Claire Fallon, of Ardgowan School, asks :-

What causes cramp?

John Hellemans, a doctor specialising in sports medicine with Sportsmed, Christchurch, responded.

Cramp is a very common problem among athletes. Cramp is characterised by sudden, involuntary, persistent cramping or spasms in the muscles.

Cramp occurs more quickly in untrained muscles. Poor conditioning is the most common cause. If you go into a race unprepared and untrained then it is very likely that you will develop cramp as your muscles are not used to the particular movement. The stronger the muscles are the less likely it is that they will cramp up.

Cramp can also be caused by fluid loss through sweating which is called dehydration. Sweat contains a lot of body salt and lack of body salt causes cramp. Dehydration especially occurs in endurance events like marathon running or the triathlon. This type of cramp can be prevented by taking lots of fluids before and during the event. Athletes who have experienced cramp problems during hot weather conditions not caused by dehydration can try to add a little extra salt to their meals on the days leading up to the event.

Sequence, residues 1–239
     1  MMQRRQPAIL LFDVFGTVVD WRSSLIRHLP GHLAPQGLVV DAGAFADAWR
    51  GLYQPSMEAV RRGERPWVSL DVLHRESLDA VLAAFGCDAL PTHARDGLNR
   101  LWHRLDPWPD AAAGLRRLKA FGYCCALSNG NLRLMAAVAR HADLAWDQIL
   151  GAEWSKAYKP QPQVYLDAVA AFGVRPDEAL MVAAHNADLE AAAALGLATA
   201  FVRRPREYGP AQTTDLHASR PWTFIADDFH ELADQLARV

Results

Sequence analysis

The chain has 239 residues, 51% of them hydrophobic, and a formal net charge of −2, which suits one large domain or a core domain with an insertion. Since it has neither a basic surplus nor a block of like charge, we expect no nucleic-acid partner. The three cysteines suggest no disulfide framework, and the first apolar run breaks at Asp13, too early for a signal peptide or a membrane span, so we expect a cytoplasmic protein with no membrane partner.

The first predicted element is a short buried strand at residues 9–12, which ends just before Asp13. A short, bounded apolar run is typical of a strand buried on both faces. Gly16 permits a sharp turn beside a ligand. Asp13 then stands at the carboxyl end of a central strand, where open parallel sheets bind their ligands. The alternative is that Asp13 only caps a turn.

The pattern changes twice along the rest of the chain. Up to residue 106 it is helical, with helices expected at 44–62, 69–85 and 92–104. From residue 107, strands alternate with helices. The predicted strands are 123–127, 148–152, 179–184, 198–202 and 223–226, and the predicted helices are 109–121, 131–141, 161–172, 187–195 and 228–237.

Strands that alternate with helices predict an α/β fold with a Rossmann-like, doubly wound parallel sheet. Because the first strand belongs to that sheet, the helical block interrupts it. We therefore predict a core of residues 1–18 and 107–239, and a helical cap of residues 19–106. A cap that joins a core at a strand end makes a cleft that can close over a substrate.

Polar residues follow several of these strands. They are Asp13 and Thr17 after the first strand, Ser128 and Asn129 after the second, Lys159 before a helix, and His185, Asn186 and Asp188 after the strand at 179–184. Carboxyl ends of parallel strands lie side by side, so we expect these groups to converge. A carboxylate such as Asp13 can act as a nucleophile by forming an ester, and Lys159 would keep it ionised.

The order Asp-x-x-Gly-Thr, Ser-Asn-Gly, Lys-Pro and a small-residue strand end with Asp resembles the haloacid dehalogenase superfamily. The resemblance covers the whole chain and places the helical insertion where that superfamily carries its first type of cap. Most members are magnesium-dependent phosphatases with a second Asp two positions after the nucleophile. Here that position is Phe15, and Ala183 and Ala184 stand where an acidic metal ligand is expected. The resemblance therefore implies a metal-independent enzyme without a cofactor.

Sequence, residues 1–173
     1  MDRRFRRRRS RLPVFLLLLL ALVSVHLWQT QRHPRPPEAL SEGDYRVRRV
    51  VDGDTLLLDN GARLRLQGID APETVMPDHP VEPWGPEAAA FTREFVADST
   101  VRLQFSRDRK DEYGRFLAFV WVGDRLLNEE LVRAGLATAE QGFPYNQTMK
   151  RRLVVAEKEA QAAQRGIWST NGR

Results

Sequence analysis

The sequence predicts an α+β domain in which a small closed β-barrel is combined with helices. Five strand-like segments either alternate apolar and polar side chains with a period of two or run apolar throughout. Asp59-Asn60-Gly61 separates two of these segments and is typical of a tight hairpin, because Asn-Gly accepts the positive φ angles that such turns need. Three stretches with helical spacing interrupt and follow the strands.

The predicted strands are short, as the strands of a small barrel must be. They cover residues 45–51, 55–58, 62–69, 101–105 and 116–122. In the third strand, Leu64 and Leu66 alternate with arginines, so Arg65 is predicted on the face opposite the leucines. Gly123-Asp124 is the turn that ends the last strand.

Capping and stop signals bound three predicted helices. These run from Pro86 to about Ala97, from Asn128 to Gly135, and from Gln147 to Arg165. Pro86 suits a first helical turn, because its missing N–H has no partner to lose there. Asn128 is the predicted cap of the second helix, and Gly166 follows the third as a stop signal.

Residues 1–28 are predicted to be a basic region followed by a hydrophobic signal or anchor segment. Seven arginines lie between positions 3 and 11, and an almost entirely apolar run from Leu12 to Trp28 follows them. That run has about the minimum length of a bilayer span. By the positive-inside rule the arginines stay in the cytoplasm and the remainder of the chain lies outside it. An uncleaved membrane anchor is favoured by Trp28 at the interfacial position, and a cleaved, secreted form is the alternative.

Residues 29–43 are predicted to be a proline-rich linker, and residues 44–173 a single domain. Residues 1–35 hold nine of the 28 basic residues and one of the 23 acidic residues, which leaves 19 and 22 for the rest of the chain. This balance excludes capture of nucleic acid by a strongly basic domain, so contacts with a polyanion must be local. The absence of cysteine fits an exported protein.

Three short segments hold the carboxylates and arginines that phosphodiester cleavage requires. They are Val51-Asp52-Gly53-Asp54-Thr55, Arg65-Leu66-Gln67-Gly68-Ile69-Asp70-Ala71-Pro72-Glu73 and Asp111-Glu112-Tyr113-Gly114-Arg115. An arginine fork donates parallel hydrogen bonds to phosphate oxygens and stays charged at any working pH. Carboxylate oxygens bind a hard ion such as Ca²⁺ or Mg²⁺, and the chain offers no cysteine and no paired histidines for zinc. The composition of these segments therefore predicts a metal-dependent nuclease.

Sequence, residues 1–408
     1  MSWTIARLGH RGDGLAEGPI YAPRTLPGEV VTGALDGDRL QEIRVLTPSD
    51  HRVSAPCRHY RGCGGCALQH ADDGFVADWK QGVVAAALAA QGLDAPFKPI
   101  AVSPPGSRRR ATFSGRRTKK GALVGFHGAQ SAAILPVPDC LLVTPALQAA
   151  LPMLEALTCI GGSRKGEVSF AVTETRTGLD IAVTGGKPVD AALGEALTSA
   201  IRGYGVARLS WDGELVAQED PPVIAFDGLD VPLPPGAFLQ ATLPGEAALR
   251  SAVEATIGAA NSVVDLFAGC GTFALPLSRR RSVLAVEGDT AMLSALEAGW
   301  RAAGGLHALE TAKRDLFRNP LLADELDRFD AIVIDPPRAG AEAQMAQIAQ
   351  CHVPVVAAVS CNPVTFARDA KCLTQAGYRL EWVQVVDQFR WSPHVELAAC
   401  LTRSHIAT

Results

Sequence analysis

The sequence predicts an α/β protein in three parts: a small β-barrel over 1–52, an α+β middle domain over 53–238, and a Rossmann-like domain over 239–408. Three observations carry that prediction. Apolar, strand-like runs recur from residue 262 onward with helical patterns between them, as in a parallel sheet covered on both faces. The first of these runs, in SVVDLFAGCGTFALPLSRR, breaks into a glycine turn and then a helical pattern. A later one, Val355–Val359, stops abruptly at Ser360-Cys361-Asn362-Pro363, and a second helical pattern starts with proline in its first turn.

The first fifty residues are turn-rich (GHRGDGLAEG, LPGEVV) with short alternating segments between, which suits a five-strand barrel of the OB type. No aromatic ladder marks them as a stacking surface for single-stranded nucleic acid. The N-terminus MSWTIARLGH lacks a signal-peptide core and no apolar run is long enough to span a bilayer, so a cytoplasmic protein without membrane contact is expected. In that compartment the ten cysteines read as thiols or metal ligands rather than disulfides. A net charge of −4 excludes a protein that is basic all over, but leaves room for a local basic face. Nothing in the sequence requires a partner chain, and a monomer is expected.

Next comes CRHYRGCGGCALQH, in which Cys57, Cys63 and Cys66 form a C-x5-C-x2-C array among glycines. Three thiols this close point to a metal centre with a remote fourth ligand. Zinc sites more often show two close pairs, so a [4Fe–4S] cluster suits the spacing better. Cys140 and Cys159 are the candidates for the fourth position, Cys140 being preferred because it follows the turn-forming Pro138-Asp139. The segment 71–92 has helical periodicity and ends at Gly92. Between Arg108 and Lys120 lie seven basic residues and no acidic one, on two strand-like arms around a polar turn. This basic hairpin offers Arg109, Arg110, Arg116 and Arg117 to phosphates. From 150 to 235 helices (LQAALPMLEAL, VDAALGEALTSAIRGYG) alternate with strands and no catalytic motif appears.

Well conditioned athletes with a persistent problem with cramping during training and/or racing need to seek medical advice as there is a possibility that their cramp is caused by an underlying illness or deficiency. If all the tests are normal and the athlete is well-trained and hydrated, medication to stop the cramp can be tried.

The immediate treatment of cramp is through gentle stretching of the affected muscle.